Bidding War Erupts

In 1984 Young became the object of a spirited bidding war between the Cincinnati Bengals of the NFL and the Los Angeles Express of the United States Football League (USFL). When the Express offered a contract that would pay him more than $60 million over 44 years, Young could no longer resist. He signed with the Express and in his two seasons with the team passed for 4,102 yards and 16 touchdowns. Unfortunately, the USFL was on its last legs, so in 1985 Young bought out his contract and signed on with the Tampa Bay Buccaneers of the NFL. It proved an unhappy match for both Young and the Buccaneers, who seemed unable to successfully tap the quarterback's potential.

Bill Walsh, coach of the 49ers, was convinced that Young was capable of greater things, and in 1987 San Francisco negotiated a trade with Tampa Bay. In his early years with the 49ers, Young saw only limited action, for Montana, the team's starting quarterback, was still at the top of his game. In the early 1990s, Young began to assert himself more and more. His big break came in 1991 after Montana was injured in preseason action. Although Young himself was injured later in the season and sidelined for several games, he managed to lead the NFL in passing efficiency with a pass-completion rate of 64.5 percent.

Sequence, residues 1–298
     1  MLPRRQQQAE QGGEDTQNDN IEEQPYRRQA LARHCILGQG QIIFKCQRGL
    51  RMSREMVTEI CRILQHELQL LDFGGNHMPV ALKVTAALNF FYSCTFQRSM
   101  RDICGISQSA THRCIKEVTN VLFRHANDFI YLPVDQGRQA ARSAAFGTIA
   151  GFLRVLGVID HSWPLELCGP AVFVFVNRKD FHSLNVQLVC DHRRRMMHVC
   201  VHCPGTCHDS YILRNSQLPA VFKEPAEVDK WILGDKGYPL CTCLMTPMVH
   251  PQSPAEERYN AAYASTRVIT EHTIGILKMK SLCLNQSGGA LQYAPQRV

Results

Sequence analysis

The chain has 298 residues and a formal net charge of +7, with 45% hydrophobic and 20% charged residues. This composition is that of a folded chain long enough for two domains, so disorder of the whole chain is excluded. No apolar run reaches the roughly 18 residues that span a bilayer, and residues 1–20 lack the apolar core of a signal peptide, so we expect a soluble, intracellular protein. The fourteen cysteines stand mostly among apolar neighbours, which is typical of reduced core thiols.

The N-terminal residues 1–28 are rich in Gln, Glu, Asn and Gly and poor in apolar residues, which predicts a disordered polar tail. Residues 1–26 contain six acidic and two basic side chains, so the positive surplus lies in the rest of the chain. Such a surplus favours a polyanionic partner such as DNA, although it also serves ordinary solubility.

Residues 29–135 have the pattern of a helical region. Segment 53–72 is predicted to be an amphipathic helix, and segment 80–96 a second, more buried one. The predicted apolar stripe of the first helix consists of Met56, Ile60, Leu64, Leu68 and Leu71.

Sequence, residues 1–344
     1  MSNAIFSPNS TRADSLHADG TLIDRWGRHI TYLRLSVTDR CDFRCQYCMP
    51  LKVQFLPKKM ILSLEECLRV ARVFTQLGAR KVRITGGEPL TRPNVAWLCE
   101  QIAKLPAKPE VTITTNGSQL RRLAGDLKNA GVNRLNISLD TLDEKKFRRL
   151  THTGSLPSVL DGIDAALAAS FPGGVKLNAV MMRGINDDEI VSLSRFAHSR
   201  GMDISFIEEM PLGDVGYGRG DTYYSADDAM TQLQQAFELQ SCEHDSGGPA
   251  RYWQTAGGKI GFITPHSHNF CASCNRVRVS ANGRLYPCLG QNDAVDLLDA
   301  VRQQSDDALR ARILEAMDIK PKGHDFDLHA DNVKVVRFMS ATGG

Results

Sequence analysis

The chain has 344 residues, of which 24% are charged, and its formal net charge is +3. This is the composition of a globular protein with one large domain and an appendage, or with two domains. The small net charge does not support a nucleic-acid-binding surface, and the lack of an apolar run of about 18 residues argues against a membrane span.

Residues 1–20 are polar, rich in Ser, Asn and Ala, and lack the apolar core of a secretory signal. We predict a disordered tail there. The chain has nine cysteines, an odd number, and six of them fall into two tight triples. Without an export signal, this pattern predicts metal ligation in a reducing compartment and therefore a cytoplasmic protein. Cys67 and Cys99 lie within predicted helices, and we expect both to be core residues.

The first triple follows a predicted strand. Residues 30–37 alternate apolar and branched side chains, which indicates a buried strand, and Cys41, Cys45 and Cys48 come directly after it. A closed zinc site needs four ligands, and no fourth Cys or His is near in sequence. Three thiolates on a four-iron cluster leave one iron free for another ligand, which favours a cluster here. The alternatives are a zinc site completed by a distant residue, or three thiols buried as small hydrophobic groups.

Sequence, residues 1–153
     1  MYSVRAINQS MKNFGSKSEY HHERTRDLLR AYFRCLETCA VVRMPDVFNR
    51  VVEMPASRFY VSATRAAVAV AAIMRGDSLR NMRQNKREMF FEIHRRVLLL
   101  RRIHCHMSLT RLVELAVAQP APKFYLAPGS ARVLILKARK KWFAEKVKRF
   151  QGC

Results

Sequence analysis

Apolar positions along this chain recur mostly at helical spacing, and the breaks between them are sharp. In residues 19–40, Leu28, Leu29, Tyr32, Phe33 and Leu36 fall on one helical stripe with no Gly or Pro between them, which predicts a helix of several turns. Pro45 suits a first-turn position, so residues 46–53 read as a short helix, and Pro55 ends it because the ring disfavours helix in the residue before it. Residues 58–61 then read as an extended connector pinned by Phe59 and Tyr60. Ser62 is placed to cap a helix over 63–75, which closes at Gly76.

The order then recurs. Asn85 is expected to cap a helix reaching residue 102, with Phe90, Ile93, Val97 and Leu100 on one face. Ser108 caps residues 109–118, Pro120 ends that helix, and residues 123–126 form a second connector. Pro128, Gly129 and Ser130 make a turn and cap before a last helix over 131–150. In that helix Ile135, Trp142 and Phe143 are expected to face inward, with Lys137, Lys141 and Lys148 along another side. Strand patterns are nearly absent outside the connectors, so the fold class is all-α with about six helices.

Young Comes into His Own

Montana's injury kept him out of action for most of the 1992 season, giving Young further opportunity to showcase his talents. As starting quarterback, Young passed for 3,465 yards with an impressive pass-completion rate of 66.7 percent, earning him honors as the league's most valuable player. Although Montana played well in the second half of the last game of the regular season, 1992 belonged to Young. Forced to decide whether Montana or Young would start as quarterback in the 1993 season, San Francisco coaches went with Young, prompting Montana to ask to be traded to the Kansas City Chiefs.

Although the legendary Montana was no longer playing in San Francisco, Young found that his predecessor still had a firm grip on the hearts and minds of 49ers' fans. No matter what magic Young produced on the gridiron, it seemed somehow to pale in comparison to the feats of Montana, at least in the view of most fans. Young turned in a brilliant performance in 1993, passing for 4,023 yards with a completion rate of 68 percent. Equally spectacular were Young's 1994 statistics: 3,969 yards with a pass-completion rate of 70.3 percent. But most importantly of all, Young led his team to a National Football Conference championship with a decisive 38-28 victory over the Dallas Cowboys. The stage was set for the high point of Young's football career: Super Bowl XXIX.